When comparing fees on cryptocurrency exchanges, think about how you plan to use the platform — how you want to deposit money, how often you will trade, and how you might withdraw it.
For example, both Kraken and Coinbase have advanced accounts (Kraken Pro and Coinbase Pro) with lower fees. The sooner you feel able to use the Pro versions, the less you’ll pay in crypto trading fees.
Kraken has an instant pay feature designed for crypto beginners, but the fees can be steep. If you buy $200 worth of Bitcoin (BTC) by automatic bank transfer, you pay a standard 1.5% Kraken trading fee plus 0.5% for the transfer. If instead, you buy $200 worth of the popular stablecoin Tether (USDT), you pay a 0.9% Kraken fee plus the same 0.5% transfer fee.
The big issue for Kraken users in the U.S. is that several deposit options — such as paying by credit or debit card — are not available.
Coinbase takes debit card payments and bank transfers, as well as PayPal and Apple Pay deposits. However, the fee structures are not very transparent or easy to understand. Coinbase charges a spread of around 0.5% plus a transaction fee. The transaction fee is either a flat fee or a percentage based on the payment method, whichever is higher.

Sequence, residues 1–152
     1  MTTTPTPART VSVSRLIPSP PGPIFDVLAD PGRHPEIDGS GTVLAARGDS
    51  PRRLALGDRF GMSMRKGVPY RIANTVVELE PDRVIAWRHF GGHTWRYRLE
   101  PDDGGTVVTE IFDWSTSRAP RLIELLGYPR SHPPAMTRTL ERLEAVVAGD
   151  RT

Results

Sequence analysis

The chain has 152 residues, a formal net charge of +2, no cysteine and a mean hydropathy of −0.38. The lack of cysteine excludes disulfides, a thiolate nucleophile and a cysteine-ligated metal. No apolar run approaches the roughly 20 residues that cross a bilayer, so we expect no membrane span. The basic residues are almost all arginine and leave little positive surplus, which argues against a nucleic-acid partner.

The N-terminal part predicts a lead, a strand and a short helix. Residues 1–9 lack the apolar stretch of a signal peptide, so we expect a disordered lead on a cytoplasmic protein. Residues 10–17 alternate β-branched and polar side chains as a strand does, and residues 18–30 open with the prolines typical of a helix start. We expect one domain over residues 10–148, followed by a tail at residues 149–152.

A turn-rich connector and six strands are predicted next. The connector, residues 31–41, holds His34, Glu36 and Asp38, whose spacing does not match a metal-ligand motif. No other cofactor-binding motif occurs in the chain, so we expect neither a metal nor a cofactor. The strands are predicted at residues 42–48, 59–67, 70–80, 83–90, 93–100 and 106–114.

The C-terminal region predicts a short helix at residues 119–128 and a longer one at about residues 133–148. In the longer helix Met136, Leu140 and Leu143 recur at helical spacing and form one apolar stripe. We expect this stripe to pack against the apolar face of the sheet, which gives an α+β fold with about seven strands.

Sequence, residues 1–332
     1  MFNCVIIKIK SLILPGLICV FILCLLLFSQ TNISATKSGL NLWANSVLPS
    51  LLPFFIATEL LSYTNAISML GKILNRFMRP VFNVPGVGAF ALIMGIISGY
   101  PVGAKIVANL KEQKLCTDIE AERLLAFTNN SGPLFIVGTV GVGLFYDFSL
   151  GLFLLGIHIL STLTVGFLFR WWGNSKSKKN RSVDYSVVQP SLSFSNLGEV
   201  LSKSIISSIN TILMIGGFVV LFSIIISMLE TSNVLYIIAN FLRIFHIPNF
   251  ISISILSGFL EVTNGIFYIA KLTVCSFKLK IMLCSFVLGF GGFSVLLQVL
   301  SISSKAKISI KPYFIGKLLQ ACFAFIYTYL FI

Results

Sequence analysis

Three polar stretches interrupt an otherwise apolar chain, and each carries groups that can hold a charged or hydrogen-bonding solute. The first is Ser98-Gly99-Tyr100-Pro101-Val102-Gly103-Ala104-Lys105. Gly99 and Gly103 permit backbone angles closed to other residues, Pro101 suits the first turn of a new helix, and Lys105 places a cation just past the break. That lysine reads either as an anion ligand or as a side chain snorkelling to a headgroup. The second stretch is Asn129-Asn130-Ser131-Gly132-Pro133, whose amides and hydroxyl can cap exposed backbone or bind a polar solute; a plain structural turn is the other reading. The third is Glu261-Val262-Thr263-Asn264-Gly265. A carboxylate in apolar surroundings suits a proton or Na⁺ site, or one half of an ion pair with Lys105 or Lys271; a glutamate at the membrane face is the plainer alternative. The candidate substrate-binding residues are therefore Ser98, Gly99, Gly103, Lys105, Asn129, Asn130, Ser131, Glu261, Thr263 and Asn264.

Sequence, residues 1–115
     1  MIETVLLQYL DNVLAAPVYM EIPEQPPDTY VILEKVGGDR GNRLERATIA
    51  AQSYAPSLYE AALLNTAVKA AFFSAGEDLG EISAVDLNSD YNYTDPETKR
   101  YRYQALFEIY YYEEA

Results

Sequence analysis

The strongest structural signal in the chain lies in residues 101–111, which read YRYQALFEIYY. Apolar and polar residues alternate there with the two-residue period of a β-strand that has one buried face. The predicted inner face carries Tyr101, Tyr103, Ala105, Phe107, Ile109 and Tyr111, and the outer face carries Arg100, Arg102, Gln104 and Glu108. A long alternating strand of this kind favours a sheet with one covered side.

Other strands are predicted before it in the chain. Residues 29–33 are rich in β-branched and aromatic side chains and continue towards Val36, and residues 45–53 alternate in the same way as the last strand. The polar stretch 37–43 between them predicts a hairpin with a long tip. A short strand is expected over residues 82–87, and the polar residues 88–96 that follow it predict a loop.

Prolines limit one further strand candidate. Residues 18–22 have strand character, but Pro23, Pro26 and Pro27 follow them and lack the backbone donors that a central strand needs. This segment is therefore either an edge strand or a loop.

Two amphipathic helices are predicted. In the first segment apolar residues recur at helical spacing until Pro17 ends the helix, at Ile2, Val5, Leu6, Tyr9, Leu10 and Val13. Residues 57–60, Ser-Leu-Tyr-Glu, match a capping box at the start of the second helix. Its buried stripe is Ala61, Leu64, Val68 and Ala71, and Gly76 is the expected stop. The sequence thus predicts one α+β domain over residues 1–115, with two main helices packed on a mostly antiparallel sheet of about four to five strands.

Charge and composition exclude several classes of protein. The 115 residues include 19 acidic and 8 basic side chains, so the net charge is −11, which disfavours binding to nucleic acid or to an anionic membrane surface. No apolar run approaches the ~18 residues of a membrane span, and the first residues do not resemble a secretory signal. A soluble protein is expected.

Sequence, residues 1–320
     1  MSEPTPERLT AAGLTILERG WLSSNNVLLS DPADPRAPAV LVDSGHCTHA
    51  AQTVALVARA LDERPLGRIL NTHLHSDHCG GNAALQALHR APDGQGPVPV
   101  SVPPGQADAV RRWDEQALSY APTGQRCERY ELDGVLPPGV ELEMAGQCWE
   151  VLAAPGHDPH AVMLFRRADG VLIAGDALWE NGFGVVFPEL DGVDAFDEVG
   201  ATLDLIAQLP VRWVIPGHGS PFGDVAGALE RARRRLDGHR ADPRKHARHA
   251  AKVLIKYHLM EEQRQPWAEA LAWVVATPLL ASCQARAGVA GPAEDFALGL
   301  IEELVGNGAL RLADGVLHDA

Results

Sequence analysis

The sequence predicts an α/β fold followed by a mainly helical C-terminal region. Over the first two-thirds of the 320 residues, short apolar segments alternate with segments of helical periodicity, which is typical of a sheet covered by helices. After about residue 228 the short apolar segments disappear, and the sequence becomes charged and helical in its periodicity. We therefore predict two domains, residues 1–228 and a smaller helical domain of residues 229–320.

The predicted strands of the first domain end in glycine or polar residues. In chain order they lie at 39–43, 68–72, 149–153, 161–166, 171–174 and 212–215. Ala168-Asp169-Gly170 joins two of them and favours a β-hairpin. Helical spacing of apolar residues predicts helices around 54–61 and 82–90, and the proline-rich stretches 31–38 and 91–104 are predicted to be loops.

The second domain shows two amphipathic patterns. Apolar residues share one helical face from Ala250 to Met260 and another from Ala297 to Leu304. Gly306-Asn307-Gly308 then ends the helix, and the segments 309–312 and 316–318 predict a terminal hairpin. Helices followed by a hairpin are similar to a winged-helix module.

Let’s say you want to buy $200 worth of Bitcoin using a bank transfer. The fee for bank transfers is 1.49% or a flat fee of $2.99 (which is slightly higher). So, you pay the flat fee of $2.99 plus the spread of around 0.5%. The spread gets calculated at the time of the transaction, and you can’t see exactly how much it is.
In that example, the two exchanges are much of a muchness price-wise, but if we look at the maker-taker fee models of the pro versions, Kraken comes out slightly ahead.